The Caregiver’s Tale: Loss and Renewal in Memoirs of Family Life is divided into three parts. The first section, “Care Situations,” provides the cultural context of illness and disability and focuses on four common family care situations: cancer, HIV/AIDS, mental illness/chemical dependence, and dementia. The second section of the book, “Care Relationships,” highlights patterns of caregiving, including caring for children, sibling care, couple care, and parent care. The third section of the book contains well over 100 annotations of memoirs of caregiving, each approximately a half-page in length.


The usual thinking that caring for a seriously ill or disabled family member is a stress-filled ordeal is challenged in The Caregiver’s Tale. A licensed clinical social worker, the author examines phenomena she’d observed in over 30 years of practice: sources of strength for caregivers, how their views on family and the meaning of life changed over the course of caregiving, and how the wisdom of caregiving can be used to sustain others facing the same challenges.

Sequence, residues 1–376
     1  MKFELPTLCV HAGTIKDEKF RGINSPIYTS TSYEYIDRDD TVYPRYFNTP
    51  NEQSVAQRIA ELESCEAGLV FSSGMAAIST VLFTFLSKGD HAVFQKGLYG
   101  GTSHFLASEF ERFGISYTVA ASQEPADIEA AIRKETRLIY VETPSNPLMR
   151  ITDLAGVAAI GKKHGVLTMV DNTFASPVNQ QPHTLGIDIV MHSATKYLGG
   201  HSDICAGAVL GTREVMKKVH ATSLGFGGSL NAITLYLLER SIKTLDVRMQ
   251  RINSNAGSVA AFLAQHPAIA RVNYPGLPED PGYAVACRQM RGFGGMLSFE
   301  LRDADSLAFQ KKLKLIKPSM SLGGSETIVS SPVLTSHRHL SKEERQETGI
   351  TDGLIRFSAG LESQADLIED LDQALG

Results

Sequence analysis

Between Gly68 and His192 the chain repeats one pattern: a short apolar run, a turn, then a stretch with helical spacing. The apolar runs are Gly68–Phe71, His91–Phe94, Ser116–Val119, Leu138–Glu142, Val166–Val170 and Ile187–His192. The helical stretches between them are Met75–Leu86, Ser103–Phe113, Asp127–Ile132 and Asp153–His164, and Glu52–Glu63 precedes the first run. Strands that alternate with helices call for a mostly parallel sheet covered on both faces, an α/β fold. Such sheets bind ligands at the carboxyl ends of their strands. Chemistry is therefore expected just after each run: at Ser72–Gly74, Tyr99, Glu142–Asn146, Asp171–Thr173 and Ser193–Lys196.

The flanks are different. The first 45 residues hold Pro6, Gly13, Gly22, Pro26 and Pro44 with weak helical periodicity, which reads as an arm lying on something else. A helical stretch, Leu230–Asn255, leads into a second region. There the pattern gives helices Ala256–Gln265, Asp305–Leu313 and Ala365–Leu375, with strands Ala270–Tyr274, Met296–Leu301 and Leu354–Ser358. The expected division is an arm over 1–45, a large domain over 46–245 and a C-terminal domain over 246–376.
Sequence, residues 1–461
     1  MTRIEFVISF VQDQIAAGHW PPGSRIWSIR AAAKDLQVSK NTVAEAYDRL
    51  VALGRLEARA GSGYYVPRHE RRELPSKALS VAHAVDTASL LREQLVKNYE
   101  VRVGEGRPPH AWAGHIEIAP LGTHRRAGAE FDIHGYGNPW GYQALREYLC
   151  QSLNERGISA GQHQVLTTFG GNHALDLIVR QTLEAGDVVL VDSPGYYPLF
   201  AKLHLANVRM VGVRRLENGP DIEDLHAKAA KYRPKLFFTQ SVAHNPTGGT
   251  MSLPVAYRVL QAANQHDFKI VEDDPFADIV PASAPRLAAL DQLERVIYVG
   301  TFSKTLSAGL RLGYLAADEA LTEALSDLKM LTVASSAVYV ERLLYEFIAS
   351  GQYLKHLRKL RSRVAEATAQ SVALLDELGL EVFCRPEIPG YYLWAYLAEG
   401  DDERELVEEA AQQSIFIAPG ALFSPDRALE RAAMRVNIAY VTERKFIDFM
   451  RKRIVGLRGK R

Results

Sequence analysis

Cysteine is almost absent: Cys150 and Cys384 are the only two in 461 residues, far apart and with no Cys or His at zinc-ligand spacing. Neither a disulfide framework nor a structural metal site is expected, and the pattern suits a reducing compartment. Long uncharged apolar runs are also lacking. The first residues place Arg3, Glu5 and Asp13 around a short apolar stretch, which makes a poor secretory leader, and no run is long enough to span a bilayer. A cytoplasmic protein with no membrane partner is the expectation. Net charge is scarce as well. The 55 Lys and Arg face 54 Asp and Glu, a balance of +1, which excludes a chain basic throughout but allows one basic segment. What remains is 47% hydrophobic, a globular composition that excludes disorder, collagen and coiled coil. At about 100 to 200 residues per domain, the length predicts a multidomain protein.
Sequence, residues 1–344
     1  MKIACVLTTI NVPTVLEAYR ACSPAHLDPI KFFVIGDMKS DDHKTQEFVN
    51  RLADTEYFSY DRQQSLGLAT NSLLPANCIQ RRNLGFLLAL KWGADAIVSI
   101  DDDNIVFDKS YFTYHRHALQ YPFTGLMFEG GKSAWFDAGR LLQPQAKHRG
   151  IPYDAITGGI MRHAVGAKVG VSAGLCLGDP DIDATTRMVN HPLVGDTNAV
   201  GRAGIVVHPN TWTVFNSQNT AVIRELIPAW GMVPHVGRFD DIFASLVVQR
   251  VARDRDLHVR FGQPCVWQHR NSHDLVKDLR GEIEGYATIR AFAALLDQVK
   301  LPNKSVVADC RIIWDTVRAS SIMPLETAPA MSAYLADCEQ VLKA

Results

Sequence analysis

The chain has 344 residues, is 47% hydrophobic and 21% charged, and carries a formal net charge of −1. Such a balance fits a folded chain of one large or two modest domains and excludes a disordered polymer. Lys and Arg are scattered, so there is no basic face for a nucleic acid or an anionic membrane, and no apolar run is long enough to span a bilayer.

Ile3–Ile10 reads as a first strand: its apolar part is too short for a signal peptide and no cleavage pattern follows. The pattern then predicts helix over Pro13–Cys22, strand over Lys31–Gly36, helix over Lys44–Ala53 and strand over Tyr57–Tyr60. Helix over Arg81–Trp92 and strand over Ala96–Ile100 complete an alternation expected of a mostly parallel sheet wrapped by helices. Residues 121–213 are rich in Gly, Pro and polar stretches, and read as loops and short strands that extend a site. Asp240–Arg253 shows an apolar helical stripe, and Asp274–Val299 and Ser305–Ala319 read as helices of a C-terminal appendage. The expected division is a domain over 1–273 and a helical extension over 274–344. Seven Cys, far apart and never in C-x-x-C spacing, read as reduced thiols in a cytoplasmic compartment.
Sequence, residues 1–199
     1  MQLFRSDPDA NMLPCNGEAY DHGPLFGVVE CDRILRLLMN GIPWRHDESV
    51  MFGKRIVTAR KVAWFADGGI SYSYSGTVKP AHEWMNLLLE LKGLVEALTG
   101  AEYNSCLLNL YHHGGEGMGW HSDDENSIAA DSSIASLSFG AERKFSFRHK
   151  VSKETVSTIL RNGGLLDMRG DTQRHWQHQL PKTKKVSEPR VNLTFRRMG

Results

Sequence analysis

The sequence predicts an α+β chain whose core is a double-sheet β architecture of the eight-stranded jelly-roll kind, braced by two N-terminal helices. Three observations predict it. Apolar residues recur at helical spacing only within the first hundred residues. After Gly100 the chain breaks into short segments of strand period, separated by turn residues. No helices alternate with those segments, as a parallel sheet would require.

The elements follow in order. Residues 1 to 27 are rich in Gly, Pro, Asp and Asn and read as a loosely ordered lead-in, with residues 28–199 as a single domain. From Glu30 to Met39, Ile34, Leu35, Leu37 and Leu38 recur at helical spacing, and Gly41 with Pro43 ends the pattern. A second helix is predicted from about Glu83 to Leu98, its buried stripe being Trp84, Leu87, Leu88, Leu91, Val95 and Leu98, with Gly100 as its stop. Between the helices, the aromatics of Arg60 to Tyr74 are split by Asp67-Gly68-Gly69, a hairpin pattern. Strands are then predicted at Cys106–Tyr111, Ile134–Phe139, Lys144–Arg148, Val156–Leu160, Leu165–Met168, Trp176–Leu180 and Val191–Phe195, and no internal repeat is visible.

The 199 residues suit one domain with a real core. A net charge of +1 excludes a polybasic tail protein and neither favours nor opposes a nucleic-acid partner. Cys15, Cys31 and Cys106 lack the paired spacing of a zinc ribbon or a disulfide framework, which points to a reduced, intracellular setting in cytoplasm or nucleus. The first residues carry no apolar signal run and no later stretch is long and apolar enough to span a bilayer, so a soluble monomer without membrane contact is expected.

Her examination includes annotations of over a hundred published memoirs of caregiving that reveal that caregiving is a life-transforming experience, a journey from “loss to renewal.” These annotations, most of them written in English from Western cultures from mid-20th century on, focus largely on the work of well-known writers. A useful chart is included that helps readers to determine what is most interesting or valuable to them at the intersection of care situations and care relationships, such as memoirs of HIV/AIDS involving child care, or dementia involving parent care.


Columbia Univ. Press

Place Published

New York


2006 (paperback)

Page Count